Effect of Initial Aging and High-Fat/High-Fructose Diet on Mitochondrial Bioenergetics and Oxidative Status in Rat Brain

  • Raffaella Crescenzo
  • Maria Stefania Spagnuolo
  • Rosa Cancelliere
  • Lucia Iannotta
  • Arianna Mazzoli
  • Cristina Gatto
  • Susanna IossaEmail author
  • Luisa Cigliano


Middle age is an early stage of the aging process, during which the consumption of diets rich in saturated fats and/or simple sugars might influence brain function, but only few data are available on this issue. We therefore investigated the impact of a diet rich in saturated fat and fructose (HFF) on mitochondrial physiology in hippocampus and frontal cortex of middle-aged rats (1 year old), by including a group of adult rats (90 days) as a “negative control,” lacking the putative effect of aging. Middle-aged rats were fed HFF or control diet for 4 weeks. Mitochondrial function was analyzed by high-resolution respirometry and by assessing the amount of respiratory complexes. Markers of oxidative balance, as well as the protein content of uncoupling protein 2 (UCP2), peroxisome proliferator-activated receptor gamma coactivator 1-alpha (PGC-1α), and peroxisome proliferator-activated receptor alpha (PPARα), were also assessed. A decrease in the activity of complex I was detected in both brain areas of middle-aged rats. In hippocampus, mitochondrial respiratory capacity and complex IV content decreased with age and increased with HFF diet. Higher protein oxidative damage, decreased antioxidant defenses, and increased UCP2 and PGC-1α content were found in hippocampus of middle-aged rats. HFF feeding induced a significant reduction in the amount of UCP2, PGC-1α, and PPARα, together with higher protein oxidative damage, in both brain areas. Overall, our results point to middle age as a condition of early brain aging for mitochondrial function, with hippocampus being an area more susceptible to metabolic impairment than frontal cortex.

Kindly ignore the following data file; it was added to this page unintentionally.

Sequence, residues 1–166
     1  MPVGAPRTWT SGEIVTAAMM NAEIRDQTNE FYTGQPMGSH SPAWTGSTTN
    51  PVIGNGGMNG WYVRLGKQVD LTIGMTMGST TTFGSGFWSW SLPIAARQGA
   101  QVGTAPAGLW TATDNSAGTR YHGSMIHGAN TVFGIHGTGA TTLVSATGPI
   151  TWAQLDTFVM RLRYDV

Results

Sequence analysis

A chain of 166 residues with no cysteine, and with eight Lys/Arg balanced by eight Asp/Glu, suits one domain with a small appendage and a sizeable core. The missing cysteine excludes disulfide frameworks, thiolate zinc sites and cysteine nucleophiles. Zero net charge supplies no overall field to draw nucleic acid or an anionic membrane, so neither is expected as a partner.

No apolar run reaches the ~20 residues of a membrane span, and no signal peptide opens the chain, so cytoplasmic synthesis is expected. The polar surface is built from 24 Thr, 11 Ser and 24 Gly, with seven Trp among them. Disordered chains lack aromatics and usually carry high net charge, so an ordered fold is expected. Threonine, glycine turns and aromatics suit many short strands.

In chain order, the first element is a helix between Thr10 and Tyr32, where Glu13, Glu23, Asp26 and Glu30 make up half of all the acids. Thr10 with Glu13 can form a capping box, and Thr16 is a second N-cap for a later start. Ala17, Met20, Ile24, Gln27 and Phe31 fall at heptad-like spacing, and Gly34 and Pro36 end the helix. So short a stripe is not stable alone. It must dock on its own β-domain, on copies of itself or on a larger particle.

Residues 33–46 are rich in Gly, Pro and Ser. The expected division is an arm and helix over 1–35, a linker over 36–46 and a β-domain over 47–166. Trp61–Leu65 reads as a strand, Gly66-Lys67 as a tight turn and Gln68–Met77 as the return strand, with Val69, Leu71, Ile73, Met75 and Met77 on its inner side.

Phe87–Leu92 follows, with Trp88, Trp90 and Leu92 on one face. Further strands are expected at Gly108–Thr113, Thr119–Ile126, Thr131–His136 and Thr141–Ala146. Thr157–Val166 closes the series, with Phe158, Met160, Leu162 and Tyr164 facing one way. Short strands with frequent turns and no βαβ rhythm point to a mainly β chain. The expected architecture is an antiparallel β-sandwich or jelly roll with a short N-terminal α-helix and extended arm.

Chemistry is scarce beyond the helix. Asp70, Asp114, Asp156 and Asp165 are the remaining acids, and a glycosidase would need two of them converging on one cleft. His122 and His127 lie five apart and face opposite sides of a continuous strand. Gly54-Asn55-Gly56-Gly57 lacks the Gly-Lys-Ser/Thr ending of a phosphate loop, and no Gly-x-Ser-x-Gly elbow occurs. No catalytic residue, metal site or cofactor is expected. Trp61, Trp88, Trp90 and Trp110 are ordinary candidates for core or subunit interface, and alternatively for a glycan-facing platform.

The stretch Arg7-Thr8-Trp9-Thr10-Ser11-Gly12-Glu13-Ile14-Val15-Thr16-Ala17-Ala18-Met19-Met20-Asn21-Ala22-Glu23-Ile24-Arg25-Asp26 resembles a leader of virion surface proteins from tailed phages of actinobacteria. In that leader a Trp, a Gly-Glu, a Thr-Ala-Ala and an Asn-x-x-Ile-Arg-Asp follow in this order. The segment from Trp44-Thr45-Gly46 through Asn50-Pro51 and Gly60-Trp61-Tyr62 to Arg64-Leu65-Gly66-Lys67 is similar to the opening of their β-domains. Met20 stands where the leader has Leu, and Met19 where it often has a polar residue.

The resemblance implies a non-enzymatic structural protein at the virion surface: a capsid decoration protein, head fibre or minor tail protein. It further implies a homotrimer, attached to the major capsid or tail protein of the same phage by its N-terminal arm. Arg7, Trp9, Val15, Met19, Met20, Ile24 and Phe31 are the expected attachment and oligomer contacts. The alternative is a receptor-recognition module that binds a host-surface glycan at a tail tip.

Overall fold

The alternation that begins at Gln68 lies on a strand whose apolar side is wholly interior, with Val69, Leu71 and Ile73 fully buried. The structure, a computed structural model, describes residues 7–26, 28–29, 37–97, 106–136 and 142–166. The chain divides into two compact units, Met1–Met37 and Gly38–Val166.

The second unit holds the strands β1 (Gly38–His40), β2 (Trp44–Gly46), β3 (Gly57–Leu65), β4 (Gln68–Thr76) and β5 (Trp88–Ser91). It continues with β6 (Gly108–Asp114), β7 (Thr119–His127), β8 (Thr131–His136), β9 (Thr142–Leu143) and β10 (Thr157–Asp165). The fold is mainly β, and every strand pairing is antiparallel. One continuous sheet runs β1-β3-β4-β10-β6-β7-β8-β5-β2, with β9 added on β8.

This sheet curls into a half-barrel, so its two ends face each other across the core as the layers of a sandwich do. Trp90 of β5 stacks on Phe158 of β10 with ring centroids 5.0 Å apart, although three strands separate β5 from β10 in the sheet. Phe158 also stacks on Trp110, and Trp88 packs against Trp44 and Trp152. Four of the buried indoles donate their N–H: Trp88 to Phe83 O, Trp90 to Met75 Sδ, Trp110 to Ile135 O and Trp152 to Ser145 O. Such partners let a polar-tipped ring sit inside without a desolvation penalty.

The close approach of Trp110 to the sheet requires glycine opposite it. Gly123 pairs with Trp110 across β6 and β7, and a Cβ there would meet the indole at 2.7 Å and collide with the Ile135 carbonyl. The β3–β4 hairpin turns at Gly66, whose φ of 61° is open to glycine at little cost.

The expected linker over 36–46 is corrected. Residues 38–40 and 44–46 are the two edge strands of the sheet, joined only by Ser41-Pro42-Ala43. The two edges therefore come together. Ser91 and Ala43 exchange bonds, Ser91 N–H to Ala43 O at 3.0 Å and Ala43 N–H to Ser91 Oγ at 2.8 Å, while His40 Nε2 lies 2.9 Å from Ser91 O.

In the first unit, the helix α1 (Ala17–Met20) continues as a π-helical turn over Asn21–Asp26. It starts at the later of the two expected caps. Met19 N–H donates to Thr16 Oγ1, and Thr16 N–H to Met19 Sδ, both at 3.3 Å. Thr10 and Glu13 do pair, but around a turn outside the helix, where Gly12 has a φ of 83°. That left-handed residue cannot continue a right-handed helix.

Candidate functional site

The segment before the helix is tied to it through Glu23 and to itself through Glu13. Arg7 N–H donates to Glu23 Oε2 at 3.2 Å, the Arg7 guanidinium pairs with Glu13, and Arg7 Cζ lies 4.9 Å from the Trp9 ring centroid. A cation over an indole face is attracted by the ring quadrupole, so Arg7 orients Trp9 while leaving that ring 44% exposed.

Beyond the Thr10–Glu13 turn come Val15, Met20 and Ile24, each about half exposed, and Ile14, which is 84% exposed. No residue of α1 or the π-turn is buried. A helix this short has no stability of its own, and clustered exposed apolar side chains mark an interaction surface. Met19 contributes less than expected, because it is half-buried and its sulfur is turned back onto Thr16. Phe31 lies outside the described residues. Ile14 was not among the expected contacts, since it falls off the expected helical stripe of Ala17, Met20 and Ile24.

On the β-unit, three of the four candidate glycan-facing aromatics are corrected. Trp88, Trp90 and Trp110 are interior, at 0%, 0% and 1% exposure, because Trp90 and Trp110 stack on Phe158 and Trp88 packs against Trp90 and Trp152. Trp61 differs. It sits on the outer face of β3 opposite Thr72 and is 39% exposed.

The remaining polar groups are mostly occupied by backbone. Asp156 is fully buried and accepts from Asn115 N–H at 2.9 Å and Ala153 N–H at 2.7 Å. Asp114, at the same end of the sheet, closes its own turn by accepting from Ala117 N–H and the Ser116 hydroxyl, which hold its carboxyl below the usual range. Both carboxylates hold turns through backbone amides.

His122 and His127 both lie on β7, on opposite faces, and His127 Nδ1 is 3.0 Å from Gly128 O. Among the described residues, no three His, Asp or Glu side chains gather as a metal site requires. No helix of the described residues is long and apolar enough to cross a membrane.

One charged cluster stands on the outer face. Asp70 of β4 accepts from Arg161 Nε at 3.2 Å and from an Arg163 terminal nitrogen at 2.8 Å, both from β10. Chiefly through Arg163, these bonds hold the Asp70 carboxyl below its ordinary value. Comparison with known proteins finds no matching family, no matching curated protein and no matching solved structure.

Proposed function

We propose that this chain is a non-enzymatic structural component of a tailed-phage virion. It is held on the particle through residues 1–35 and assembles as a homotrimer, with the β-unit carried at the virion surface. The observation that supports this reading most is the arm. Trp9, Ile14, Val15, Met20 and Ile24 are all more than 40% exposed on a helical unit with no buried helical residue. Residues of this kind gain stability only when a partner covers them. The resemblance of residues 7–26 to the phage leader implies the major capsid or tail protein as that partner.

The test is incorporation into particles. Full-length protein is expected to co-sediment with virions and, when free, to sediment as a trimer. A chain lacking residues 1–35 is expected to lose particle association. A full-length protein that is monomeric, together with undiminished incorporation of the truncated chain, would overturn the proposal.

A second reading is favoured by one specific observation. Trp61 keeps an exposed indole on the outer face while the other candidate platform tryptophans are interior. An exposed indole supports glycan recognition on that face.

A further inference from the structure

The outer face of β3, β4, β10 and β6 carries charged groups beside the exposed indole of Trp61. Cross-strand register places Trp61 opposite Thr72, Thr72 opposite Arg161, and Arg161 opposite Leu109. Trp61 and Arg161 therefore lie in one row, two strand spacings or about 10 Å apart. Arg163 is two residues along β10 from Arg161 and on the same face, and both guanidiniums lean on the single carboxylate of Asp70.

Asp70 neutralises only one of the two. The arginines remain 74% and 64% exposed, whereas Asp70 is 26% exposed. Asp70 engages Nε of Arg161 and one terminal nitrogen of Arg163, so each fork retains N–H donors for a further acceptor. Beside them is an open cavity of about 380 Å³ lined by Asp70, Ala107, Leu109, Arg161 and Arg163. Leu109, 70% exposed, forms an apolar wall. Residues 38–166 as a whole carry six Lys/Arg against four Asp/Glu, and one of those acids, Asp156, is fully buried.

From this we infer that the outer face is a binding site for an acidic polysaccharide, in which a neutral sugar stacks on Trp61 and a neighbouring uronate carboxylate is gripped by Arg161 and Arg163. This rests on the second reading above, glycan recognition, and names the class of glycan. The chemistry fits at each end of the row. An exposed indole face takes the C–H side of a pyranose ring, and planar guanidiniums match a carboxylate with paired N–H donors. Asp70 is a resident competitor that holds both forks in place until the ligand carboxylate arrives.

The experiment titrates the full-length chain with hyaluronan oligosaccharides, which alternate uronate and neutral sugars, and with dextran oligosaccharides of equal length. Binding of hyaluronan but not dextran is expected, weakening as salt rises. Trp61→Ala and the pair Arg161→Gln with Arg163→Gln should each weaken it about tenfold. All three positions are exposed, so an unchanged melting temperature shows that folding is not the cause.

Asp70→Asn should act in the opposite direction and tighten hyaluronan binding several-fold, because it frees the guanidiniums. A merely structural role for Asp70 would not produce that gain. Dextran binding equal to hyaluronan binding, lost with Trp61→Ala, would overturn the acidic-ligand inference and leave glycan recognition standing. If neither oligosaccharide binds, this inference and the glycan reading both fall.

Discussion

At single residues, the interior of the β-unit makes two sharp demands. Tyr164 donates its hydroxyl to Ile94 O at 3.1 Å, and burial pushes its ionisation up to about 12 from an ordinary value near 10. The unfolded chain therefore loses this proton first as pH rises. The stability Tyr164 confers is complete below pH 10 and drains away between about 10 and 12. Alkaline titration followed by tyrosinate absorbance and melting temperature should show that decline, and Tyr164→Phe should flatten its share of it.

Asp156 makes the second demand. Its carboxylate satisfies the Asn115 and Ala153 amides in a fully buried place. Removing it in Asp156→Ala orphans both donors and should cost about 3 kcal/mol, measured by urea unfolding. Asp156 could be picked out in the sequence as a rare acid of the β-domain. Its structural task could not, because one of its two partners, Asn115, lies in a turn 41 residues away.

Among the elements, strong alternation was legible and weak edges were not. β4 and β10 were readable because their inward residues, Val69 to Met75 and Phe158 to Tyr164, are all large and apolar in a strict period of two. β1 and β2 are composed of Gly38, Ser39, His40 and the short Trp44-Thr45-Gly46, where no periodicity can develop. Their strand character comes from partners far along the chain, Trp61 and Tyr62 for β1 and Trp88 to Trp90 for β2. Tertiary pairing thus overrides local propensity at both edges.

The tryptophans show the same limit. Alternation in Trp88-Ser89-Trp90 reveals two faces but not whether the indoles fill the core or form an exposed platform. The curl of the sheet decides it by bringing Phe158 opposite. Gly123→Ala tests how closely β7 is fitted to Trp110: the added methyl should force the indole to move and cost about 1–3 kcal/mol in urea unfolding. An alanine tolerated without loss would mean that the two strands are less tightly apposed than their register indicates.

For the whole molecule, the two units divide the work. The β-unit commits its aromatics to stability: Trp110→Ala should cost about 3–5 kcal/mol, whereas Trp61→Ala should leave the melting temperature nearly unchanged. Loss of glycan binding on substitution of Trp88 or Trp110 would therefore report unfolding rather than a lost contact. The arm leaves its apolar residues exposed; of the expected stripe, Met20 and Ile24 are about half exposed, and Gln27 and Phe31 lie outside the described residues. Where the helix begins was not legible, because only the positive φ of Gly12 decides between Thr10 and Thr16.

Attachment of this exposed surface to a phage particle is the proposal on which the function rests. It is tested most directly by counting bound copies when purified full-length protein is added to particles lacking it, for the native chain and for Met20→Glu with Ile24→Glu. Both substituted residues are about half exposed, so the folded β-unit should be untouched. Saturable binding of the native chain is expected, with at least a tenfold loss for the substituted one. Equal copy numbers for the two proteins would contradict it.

Mitochondria Western diet Hippocampus Cortex Fructose Middle age 



The authors wish to thank Dr. Emilia de Santis for skillful management of animal house.

Funding Information

This work was supported by a grant from University of Naples Federico II - Ricerca Dip 2017 and by a FIRB - Futuro in Ricerca grant (RBFR12QW4I_004) from the Italian Ministry of Education, University and Research (MIUR).

Compliance with Ethical Standards

Treatment, housing, and euthanasia of animals met the guidelines set by the Italian Health Ministry. All experimental procedures involving animals were approved by “Comitato Etico-Scientifico per la Sperimentazione Animale” of the University of Naples Federico II.

Conflict of Interest

The authors declare that they have no conflict of interest.

Supplementary material

12035_2019_1617_Fig9_ESM.png (142 kb)
Supplementary Figure 9

Representative traces of oxygen flux in the hippocampus of middle-aged rats. (PNG 1.71 mb)

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High resolution image (TIFF 1.71 mb)
12035_2019_1617_Fig10_ESM.png (138 kb)
Supplementary Figure 10

Representative western blot of respiratory complexes I-V carried out on protein extracts from hippocampus of adult (1) middle-aged (2) and middle-aged HFF (3) rats. (PNG 12.9  mb)

12035_2019_1617_MOESM2_ESM.tiff (12.9 mb)
High resolution image (TIFF 12.9 mb)


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Copyright information

© Springer Science+Business Media, LLC, part of Springer Nature 2019

Authors and Affiliations

  1. 1.Department of BiologyUniversity of Naples Federico II, Complesso Universitario Monte S. AngeloNaplesItaly
  2. 2.Department of Bio-Agrofood Science, Institute for the Animal Production System in Mediterranean EnvironmentNational Research Council (CNR-ISPAAM)NaplesItaly

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